King Arthur: Legend of the Sword is a superhero movie set in pre-Christian England
King Arthur: Legend of the Sword is clearly modeled on well-established superhero genre conventions. Arthur is a humble hero whose parents were murdered in front of him. Though born to greatness, he is raised in obscurity. He must battle an evil villain who is also closely related to him. He has magical powers. But more importantly, he has a band of sidekicks (some of whom also have magical powers) without whom he’d be lost in his quest.
But while the arc is predictable, it also feels surprisingly fresh, if you take it as a superhero story. It’s in medieval pre-Christian England for one thing, a nice twist on the expected Gotham/modern day America/outer space setting. There are fun sword fights and cool wizards, and while the whole thing feels like it’s perpetually about to run off the rails, it ticks along at a good pace and finishes without getting too confusing.
What keeps it all together is Hunnam, whose appeal has finally become evident to me after this film and (the much better) Lost City of Z. He slips easily into the role, with his mellifluous voice and Disney-prince handsomeness, and since his Arthur talks like a regular bloke, he never seems too self-conscious in the role.
That’s a great fit for Ritchie, who is hyper-conscious as a director. He never lets you forget that you’re watching a movie: the camera swerves around, suddenly punches in to get a closer look at something, cuts abruptly, and moves altogether like a music video, often accompanied by big, loud music. Add that hyperstylization to a self-conscious actor like Robert Downey, Jr. (who played Sherlock Holmes in Ritchie’s adaptations) and the result is just way too much. But here, Ritchie’s style and Hunnam’s manner work against each other, and the result is pleasingly kooky.
King Arthur: Legend of the Sword is an origin story for England
All of the film’s juxtapositions — Hunnam with Ritchie, thoroughly modern men in 5th-century situations — work in service of Legend of the Sword’s story of a high-born king raised among the underclass. Arthur has superpowers granted by the sword, but the real superpowers, the movie suggests, come from the street smarts and scrappy lads from Londinium. Snotty, lofty Vortigern, who’s never left his castle and is willing to go to horrifying lengths to solidify the power on which he’s utterly drunk, would deserve to be taken down even if he wasn’t colluding with an evil mage. The virtues of the average bloke on the street — even the ones who resort to shady means to get by — far outpaces the corruption of the high-born.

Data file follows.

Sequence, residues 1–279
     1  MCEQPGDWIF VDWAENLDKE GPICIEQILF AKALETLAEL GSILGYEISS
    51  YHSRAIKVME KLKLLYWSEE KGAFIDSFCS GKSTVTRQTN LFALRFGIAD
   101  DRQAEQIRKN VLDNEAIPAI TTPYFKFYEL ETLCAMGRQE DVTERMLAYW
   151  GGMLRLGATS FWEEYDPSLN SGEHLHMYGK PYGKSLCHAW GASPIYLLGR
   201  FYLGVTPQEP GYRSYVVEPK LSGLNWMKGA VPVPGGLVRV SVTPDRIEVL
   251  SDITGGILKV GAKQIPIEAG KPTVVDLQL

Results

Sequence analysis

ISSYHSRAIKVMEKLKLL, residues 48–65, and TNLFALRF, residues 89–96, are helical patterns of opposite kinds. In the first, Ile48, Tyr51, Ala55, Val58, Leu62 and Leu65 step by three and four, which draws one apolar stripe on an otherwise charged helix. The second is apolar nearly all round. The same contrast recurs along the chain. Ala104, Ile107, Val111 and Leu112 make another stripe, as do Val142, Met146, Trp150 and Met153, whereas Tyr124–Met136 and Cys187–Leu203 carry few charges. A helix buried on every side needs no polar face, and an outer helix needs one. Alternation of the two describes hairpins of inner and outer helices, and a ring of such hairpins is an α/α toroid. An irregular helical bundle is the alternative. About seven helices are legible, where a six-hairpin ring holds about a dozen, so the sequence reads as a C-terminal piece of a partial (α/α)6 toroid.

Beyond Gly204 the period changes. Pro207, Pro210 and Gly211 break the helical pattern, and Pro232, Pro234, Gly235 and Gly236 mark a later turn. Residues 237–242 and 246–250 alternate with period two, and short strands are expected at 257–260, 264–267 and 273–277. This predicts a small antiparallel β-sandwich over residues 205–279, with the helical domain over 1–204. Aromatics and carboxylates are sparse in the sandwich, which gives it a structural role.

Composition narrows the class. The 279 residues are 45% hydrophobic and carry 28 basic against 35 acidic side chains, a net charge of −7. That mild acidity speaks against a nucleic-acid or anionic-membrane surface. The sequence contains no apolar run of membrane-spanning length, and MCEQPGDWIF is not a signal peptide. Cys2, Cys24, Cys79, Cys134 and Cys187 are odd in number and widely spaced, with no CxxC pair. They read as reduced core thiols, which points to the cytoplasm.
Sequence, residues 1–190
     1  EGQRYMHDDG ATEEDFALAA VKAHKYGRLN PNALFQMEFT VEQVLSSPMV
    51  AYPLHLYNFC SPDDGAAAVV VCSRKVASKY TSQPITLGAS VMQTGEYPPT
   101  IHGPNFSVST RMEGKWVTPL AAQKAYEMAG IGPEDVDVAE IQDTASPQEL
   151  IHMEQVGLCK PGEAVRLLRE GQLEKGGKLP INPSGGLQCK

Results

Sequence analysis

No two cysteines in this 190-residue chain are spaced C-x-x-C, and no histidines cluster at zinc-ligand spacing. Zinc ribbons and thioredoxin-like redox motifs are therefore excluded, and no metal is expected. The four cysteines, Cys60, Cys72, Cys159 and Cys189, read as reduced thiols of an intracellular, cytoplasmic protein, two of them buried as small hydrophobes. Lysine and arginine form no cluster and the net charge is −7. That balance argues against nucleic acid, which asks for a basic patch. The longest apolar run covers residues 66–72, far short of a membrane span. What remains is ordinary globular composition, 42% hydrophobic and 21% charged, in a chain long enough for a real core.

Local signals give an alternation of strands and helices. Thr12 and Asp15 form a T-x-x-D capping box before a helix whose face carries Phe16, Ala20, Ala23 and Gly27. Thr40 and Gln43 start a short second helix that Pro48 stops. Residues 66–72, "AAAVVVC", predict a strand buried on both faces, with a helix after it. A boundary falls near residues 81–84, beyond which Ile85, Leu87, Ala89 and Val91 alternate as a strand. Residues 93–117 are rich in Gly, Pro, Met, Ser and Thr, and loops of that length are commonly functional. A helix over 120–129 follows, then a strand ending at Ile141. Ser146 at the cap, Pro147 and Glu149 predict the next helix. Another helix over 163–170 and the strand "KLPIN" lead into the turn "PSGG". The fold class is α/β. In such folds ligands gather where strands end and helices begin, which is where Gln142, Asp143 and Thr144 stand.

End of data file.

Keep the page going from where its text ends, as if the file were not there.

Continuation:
Arthur unites the two, though, and thus the legend spreads fast. King Arthur: Legend of the Sword is an origin story for England — which a line of dialogue near the end makes clear — especially one that’s struggling to figure out what, and who, it really is. And that describes the debates of post-Brexit 2017: Is England cosmopolitan? Is it sovereign? Does it belong to royalty, the elites, or to the commoner? Is there space for the foreigner, too?
The answer this film gives is a “yes” (“Why have enemies when you can have friends?” Arthur asks near the end), but a very tenuous one. King Arthur: Legend of the Sword isn’t really consciously making a political point. It just embodies one that seems popular right now: That the country is better off in the hands of the working class than those bred to lead it. (The movie’s tagline is “From Nothing Comes a King,” for goodness’ sake.)
In this movie, the round table has space for the nobles and the commoners. The question, for England and for King Arthur, is what the origin story means for the next installment.
King Arthur: Legend of the Sword opens in theaters on May 12.